Every playa knows pimpin' ain't easy. Late-night hours are a must and low energy a bust. No surprise then that a whole new lineup of nightlife energy elixirs has hit the marketplace, each hoping to replace Red Bull as the premier stay-awake party drink. Last month we saw rappers Nelly and Ice T truck out their liquid energizers Pimp Juice and Liquid Ice, respectively. And August saw the release of the boo-yah beverage Def Con 3, a Russell Simmons production. Now South Florida has become the gateway for the next wave of coochie concoctions. West Palm Beach entrepreneur George Wilson says he's secured the sole distribution rights for Erektus and Semtex, energy drinks that, like our best exotic dancers, hail from the Czech Republic.
"Erektus is basically Viagra in a can," quips Miami sales rep Rodney Patton. The graphic design on the yellow can seems to wink at you as it tells the same joke: It features a slender abstract figure suggestive of a male sporting what might be breasts and a half hard-on. The drink itself is noncarbonated and leaves a fruity aftertaste. Color? Patton replies: "Purple, pink, and red." Hmm. Sounds familiar. The more clinical-sounding Semtex, which comes in a red can with a nondescript design, is the Red Bull wannabe of the pair: It's carbonated and chartreuse.
But Wilson, who is making a run on Miami sex shops, strip joints, nightclubs, and grocery stores, naturally, swears by his drink's superiority. "I'll go head to head with Red Bull in taste and nutritional value any day," he says while rattling off a score of nutritional facts. Wilson's master plan is to take Erektus and its more staid brother, Semtex, from the love bazaar to the health food store. Meanwhile the 8 2/5-ounce cans are appearing in convenience stores from O-town to South Miami to Pembroke Pines. -- By Victor Cruz
Buy the cans at the Love Zone, 19800 S Dixie Hwy, 305-255-2190; and Flamingo Liquor Store, 12117 Pembroke Rd, Pembroke Pines, 954-430-8896. For wholesale purchases, call 561-445-3983 or 786-395-0090. See www.erektus.us.
Scavenging is good, classy fun
Ah, scavenger hunts. Ripping through your friends' possessions. Stealing street signs. Riding in limousines? The Tropees, the young professionals group of the Historical Museum of Southern Florida, glam things up for a ninth year with their Historic Pursuit Limo Rally. Scavengers (drinking age only) team up, 10 to a limo, to caravan to historical places like Opium Garden and Pearl. At each spot, they must use their clue booklet to seek an item or perform a task, such as "sit at a piano and try to belt out a song about Miami. Who knows what it might be?" says Maria Meilan, the museum's director of marketing. The goal? Answer 10 questions about the city's colorful history in 3 hours. The team answering the most questions wins a plaque and those all-important bragging rights, but everyone wins a midnight party at crobar. Hors d'oeuvres and drinks provided throughout. The fundraiser begins with a preparty at 6:00 p.m. at Taverna Opa, 36 Ocean Dr., Miami Beach. Admission is $100 for museum members, $125 for the rest. To register, call 305-375-1619 or e-mail email@example.com. -- By Marlaina Gray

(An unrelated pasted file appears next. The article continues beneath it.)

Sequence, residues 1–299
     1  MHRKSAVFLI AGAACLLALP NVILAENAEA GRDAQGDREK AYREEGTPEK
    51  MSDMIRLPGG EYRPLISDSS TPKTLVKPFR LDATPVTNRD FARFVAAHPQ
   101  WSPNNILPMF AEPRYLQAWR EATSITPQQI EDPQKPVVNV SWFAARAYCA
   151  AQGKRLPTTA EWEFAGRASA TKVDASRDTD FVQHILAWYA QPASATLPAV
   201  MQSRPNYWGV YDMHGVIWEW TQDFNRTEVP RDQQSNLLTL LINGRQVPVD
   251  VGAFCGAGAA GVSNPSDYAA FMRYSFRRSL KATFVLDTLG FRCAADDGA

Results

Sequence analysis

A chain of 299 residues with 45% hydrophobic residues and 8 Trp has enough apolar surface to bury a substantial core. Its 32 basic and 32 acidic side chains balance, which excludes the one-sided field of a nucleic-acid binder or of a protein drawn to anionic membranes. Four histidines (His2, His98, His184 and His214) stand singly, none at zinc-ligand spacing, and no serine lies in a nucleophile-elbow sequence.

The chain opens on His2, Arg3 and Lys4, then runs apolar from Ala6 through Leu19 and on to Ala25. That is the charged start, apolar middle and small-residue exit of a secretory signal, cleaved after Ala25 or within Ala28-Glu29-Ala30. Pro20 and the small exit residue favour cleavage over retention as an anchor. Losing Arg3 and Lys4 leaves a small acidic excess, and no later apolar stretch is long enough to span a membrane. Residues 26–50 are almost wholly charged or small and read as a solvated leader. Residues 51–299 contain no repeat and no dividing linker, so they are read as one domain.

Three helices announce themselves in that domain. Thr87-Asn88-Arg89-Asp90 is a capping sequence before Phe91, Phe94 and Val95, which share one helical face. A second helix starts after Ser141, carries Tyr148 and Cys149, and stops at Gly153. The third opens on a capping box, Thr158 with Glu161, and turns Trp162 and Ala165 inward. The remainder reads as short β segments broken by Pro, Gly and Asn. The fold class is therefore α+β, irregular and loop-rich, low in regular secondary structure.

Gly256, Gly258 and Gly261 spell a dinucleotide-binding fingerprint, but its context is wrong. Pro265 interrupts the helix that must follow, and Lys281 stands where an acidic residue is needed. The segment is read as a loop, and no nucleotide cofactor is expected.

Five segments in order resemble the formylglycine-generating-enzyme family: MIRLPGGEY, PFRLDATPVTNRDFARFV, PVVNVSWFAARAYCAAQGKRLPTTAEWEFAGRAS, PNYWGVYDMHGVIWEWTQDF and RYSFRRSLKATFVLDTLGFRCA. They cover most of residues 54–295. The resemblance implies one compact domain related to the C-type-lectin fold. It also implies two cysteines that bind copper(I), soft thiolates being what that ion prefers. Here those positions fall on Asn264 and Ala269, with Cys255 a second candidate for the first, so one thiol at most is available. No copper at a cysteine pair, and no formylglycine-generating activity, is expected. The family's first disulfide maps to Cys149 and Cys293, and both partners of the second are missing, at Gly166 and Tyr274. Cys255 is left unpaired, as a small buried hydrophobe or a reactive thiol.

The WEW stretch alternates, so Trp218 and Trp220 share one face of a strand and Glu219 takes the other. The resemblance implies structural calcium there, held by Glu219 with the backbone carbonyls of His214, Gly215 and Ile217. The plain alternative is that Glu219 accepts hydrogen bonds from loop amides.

Catch of the Day
Land shark sharpens teeth
In 1974 Peter Benchley penned Jaws. Zillions canceled beach vacations. October, 2003: Just when you thought it was safe to go in the water, the sharks have come out. On Monday and Tuesday afternoons through the month, local artist Joey Kerniskey is creating an aluminum "7-foot, life-size, lifelike sharpnose shark" at CocoWalk's Cafe Tu Tu Tango (3015 Grand Ave.). Neither the monster's realistic choppers nor the torches involved in the live birthing need cause patrons alarm, Kerniskey added hastily, describing his process as "a new type of welding that is done with propane and is not very dangerous to the public." (International Shark Attack File statistics show only 13 shark mishaps nationwide in 1996, compared with 43,687 toilet-related injuries.)
Kerniskey plans to mount the finished land shark on "a large skateboard" and cruise the streets. "Hopefully it will make an endearing impression, enough to make us care more about the environment." -- By Pamela Robin Brandt
The Condo Queen was what folks called Annie Ackerman (1914-1989). Although she looked like a harmless little old lady in her Smurf-like hat, when it came to supporting and defending the causes she believed in -- better schools, better cities, better treatment for all -- the sweet-spirited Jewish great-grandmother exhibited a will of steel and enough pull among her senior-citizen brethren to deliver votes in overwhelming numbers. Honing her persuasion skills in the wards of Chicago, she began her Miami activism in the late 1960s. Politicians of all stripes soon learned that she would not be ignored, nor would the block of elderly retirees who were her neighbors in the condos of North Dade. Going from door to door, the outspoken dynamo would rally their support, making sure they headed to the polls on election day. Now as drivers zoom north on Biscayne Boulevard, they can remember the tireless pavement pounder. In 1987, the state legislature dedicated the stretch of road from SR 826 to the William Lehman Causeway in her honor. -- By Nina Korman
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